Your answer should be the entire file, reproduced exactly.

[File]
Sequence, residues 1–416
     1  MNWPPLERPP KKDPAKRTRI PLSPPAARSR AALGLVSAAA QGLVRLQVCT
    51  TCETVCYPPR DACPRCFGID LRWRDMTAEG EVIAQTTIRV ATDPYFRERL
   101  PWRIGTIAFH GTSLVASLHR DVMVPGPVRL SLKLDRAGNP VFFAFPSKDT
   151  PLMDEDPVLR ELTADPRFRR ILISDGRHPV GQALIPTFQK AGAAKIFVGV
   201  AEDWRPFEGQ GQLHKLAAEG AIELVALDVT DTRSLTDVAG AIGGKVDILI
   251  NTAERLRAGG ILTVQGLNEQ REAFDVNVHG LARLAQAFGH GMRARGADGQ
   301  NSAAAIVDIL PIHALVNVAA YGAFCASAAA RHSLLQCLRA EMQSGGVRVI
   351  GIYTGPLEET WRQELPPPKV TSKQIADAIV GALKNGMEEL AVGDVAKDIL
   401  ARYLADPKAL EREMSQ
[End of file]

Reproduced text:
Sequence, residues 1–416
     1  MNWPPLERPP KKDPAKRTRI PLSPPAARSR AALGLVSAAA QGLVRLQVCT
    51  TCETVCYPPR DACPRCFGID LRWRDMTAEG EVIAQTTIRV ATDPYFRERL
   101  PWRIGTIAFH GTSLVASLHR DVMVPGPVRL SLKLDRAGNP VFFAFPSKDT
   151  PLMDEDPVLR ELTADPRFRR ILISDGRHPV GQALIPTFQK AGAAKIFVGV
   201  AEDWRPFEGQ GQLHKLAAEG AIELVALDVT DTRSLTDVAG AIGGKVDILI
   251  NTAERLRAGG ILTVQGLNEQ REAFDVNVHG LARLAQAFGH GMRARGADGQ
   301  NSAAAIVDIL PIHALVNVAA YGAFCASAAA RHSLLQCLRA EMQSGGVRVI
   351  GIYTGPLEET WRQELPPPKV TSKQIADAIV GALKNGMEEL AVGDVAKDIL
   401  ARYLADPKAL EREMSQ